These Editor-Approved Camp Chairs Will Have You Sitting By the Campfire in Comfort

a person opening and placing a camping chair outside
The Best Camp Chairs of 2024Trevor Raab

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Whether you’re just grilling by your camper, fishing by the lake, or setting up for a few days off the grid for your next camping trip, there’s no need for uncomfortable seating. Sure, you could rough it on the ground or sit at a hard picnic table. But with so many affordable and reliable camp chairs on the market, why would you?

Camp chairs is a relatively broad category of products, encompassing everything from stool-style chairs to luxurious two-person loveseats. A good camping chair, regardless of design, should at the very least be comfortable enough to sit in for a meal or an evening by the campfire.

To help you narrow your search, we tested and researched a selection of outdoor seating options, from ultralight camp chairs and plush recliners to two-seaters and swings. Read on for the best camping chairs we recommend, along with what to consider before buying.

The Best Camp Chairs

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What to Consider


When gauging a camp chair’s hardiness, you need to look at the frame, the material of the seat and back, and the overall weather-resistance of both. Most of the camp chairs we write about have steel tubing that’s power-coated to resist rust and corrosion.

Similarly, seat durability relies on sturdy materials. Woven polyester is common, often with a water-resistant coating so any spilled drinks or rainfall doesn’t damage the fabric. Great camping chairs are also treated to resist UV light. This can help prevent the fabric from fading over time. The fabric should also be strong enough to offer a 300-pound weight limit, at minimum.

While more durable options (like the best overall Yeti Trailhead) tend to be more expensive, think about upfront cost in relation to long-term use. If the chair lasts for several years, the initial cost is well worth it in comparison to a cheaper camp chair that might tear or break after just a couple of seasons.

Think of it this way: Would you rather pay $30 every year for five years, or $110 once?


Camp chairs are specifically designed to be portable. That said, the relative portability between them can range drastically.

Small, lightweight camp chairs pack down small for easy transport and work well for backpackers or anyone traveling by foot. Larger chairs can weigh more than 10 pounds, which makes them far more cumbersome to carry and better suited to car camping and backyard lounging. What you get with that added size and weight, though, is the added comfort afforded by a wider seat with more cushioning and a potentially higher weight limit.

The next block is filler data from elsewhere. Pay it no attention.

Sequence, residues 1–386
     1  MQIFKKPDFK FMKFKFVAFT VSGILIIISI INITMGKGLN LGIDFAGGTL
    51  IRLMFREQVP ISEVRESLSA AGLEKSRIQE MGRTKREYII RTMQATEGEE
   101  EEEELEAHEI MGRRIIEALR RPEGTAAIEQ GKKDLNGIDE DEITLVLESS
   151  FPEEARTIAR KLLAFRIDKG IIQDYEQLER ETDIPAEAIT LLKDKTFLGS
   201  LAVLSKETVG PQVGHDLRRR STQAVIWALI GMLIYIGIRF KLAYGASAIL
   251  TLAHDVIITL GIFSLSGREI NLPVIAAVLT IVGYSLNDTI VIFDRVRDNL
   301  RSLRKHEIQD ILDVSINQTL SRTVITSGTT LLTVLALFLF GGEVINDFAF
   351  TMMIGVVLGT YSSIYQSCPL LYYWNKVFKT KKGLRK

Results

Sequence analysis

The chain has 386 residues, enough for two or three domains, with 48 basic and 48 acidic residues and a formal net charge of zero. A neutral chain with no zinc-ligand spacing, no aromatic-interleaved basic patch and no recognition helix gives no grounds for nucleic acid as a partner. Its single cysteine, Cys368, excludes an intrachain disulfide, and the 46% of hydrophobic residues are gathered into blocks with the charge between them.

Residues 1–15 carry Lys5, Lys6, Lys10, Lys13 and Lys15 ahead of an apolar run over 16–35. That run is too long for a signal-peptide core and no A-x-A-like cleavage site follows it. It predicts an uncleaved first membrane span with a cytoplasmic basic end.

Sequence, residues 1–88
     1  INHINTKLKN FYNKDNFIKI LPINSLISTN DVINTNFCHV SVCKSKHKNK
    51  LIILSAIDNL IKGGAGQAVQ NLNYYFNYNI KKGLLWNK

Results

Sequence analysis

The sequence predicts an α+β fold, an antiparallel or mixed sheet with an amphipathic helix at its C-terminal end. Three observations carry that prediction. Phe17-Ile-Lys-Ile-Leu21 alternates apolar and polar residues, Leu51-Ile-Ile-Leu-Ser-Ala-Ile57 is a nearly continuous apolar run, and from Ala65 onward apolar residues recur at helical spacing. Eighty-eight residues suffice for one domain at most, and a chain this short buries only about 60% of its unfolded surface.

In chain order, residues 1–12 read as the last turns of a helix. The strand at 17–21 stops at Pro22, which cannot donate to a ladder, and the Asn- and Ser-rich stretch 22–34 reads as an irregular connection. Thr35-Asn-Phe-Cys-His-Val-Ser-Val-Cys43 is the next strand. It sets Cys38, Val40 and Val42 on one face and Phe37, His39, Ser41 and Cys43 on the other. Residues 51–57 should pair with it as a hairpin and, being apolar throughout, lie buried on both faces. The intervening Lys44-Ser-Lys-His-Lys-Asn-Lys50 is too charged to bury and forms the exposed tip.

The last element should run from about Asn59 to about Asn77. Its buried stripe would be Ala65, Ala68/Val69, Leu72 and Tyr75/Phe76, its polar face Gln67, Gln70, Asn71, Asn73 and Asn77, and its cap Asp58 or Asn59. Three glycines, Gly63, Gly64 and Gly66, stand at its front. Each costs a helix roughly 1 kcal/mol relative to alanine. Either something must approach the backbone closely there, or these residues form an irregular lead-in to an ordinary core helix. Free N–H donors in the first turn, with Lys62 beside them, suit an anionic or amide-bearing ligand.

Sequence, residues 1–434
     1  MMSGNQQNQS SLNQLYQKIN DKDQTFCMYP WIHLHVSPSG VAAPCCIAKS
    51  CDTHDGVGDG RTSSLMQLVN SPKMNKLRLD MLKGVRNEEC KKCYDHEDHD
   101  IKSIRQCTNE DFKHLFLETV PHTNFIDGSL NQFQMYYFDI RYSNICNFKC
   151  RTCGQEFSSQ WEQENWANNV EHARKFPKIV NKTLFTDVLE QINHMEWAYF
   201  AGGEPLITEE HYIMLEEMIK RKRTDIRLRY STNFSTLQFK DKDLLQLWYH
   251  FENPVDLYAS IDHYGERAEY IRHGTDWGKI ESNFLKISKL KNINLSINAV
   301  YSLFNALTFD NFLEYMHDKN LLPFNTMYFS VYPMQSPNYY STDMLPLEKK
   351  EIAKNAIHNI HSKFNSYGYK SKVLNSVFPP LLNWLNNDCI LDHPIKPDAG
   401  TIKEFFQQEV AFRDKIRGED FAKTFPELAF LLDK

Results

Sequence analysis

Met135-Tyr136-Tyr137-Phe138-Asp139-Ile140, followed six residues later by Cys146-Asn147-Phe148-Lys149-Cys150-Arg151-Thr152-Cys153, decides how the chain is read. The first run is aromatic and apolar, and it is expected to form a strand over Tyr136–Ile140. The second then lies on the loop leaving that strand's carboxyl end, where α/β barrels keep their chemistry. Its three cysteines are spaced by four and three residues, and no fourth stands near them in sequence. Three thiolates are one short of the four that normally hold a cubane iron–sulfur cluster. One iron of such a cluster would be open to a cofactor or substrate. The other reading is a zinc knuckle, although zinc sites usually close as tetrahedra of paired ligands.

Regardless of size, many camp chairs come with straps or carrying cases to make travel easier.

Intended Use and Additional Features

Camp chairs aren’t exclusively for camping, nor is all camping the same. If you simply want a chair for watching your kid’s soccer game or relaxing in the backyard, prioritize comfort above portability.

The more of an emphasis you put on comfort, the more added features are available to you. Many camping chairs come with foldout side tables, integrated cupholders, storage pouches, and even zip-up cooler bags.

For hikers and backpackers, smaller, lighter chairs are the obvious choices. If you’re using the chair for the beach, weather- and UV-resistance generally increase its longevity.

camping chairs
Camping chairs come in a variety of styles, from large and comfy models with armrests to ultralight bucket-style chairs.Photo by Suzie Dundas

How We Tested

For our recent updates to this review, we tested the Yeti Trailhead Collapsible Camp Chair, the REI Co-op Wonderland Chair, and the Trippy Outdoors Dreamer Chair, evaluating each on its weight, stability, comfort, ease of setup, and durability against drops, abrasion, and water and sun exposure. (While we’ve recommended the Trippy Outdoors Dreamer in the past, we don’t anymore given that its plank-style seat is too wobbly. The options below are better.)

We spent time carrying the camp chairs through a park, taking note of how heavy they felt and whether they were cumbersome to transport. After setting them up on grass and dirt patches to see how they balanced on uneven terrain, we took a seat, judging each by its relative comfort. It’s worth noting that our testers spanned a range of heights and body weights so we could get a variety of impressions.

Other camp chairs chairs we’ve tested in the past—including the Kelty Deluxe Lounge Chair, GCI Outdoor Kickback Rocker, and Sunnyfeel Camping Directors Chair—have stood the test of time and still rank among the best.

For the camp chairs we did not test ourselves, we relied heavily on our research into the specs, design, and materials within the context of our previous hands-on experience with the other chairs to know what to prioritize. We also took into account online reviews from past buyers and compared them directly to the chairs we tested out ourselves.

In finalizing our list, alongside our evaluations of quality, we also made sure to keep price in mind. So if you’re working on a budget, there’s an affordable, long-lasting and comfortable camp chair here for you.